Saturday, 18 March 2017
634 Eight Days A Week
First viewed : 14 September 1983
This was one of my favourite TV programmes of the eighties and it's a real shame it only lasted for a couple of seasons in 1983-84. It was basically Did You See about pop music with The Guardian's Robin Denselow chairing the discussion and slipping in his own acerbic observations ( "his guitar playing didn't look live to me " ) in the arch style that Angus Deayton would soon make his own. The studio panel were usually from different worlds to engender a lively discussion and they'd cover three or four albums, books, gigs etc a show with short clips relating to each one. The first series was produced by ZTT eminence gris Jill Sinclair , the second by future Radio One assassin Trevor Dann. The theme music was Way of the West's 1981 hit "Don't Say That's Just For White Boys".
It was always entertaining but the most memorable e[isode was on 25th May 1984 when George Michael, Morrissey and Tony Blackburn gathered to discuss Everything But The Girl. Break Dance, some Atlantic reissues and the book about Joy Division An Ideal for Living. I was watching it in the common room at my hall of residence sitting next to a Welsh guy called Mike Hughes. He liked whatever the NME told him to like and was instantly hostile to Michael saying "you haven't got a thought in your head " before he'd even opened his mouth. It was ever so slightly unfair, although George's appearance., coiffed hair, vest top and sun tan, could have been said to invite it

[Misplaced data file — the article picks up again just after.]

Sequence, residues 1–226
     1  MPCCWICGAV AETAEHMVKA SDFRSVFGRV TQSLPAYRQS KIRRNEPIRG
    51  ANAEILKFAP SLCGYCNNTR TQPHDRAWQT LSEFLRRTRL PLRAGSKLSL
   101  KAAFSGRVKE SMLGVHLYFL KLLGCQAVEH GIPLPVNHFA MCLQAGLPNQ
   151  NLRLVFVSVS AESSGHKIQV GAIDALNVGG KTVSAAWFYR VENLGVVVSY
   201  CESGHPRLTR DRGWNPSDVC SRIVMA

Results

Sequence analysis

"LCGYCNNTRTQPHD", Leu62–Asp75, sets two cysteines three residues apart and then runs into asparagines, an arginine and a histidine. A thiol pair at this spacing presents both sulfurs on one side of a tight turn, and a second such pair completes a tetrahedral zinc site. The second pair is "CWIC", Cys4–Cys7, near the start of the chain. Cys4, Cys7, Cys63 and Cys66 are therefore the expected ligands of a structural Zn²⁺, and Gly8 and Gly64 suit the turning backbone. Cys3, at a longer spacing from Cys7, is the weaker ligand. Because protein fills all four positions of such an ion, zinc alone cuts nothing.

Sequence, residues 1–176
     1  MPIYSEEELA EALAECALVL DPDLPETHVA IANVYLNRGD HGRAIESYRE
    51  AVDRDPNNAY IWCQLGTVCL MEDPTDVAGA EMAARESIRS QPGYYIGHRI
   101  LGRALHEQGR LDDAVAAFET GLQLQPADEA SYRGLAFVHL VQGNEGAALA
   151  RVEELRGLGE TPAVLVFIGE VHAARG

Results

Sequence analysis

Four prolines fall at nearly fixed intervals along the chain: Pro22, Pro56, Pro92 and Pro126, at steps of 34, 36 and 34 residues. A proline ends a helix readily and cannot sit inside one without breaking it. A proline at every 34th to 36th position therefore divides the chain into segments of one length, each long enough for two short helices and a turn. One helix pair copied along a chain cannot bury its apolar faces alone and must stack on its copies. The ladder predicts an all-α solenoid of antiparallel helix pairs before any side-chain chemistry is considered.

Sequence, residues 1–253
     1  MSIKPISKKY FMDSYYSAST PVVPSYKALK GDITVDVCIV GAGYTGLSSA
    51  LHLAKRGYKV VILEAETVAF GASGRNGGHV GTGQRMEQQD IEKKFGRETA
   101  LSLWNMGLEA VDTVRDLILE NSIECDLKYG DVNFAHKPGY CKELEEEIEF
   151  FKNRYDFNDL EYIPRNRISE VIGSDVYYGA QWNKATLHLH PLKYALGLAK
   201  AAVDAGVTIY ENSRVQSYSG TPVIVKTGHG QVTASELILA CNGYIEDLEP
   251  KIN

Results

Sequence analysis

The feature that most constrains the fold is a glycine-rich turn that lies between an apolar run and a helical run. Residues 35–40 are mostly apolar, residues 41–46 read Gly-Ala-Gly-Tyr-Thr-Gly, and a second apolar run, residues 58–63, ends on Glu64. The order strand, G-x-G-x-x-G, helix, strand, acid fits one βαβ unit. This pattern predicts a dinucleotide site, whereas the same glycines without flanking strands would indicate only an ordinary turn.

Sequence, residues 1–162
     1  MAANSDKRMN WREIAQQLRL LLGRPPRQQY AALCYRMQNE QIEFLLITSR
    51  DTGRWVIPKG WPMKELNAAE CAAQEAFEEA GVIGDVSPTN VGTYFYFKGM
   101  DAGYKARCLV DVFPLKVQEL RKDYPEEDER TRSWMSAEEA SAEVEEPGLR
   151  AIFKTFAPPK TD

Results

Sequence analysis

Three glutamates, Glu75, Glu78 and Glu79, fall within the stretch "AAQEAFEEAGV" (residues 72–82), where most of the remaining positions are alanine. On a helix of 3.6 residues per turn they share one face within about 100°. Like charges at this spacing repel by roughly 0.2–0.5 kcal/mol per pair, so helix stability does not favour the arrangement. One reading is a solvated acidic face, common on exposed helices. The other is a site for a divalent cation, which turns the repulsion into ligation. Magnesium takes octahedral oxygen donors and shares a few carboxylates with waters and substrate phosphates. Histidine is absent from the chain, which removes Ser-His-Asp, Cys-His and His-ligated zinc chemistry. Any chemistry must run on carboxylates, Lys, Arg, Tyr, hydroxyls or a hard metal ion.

He went a bit quiet when Michael revealed a liking for the second side of Closer. Yes, this is the show that Marcello Carlin's bangs on about whenever George Michael crops up on Popular as if all the often vapid and shallow stuff Michael has produced since is validated by this random listening choice. Michael also said their image was "pretentious and contrived and it did have very fascist elements to it" but Mr Carlin doesn't usually quote that bit. Incidentally, when I first came to Popular I thought "DJ Punctum" might actually be Mike Hughes, so similar were their opinions, but I know better now.
Denselow handled some pretty large egos very deftly and could have played for a chat show gig but instead stuck with serious journalism on Newsnight . He still writes on music for The Guardian.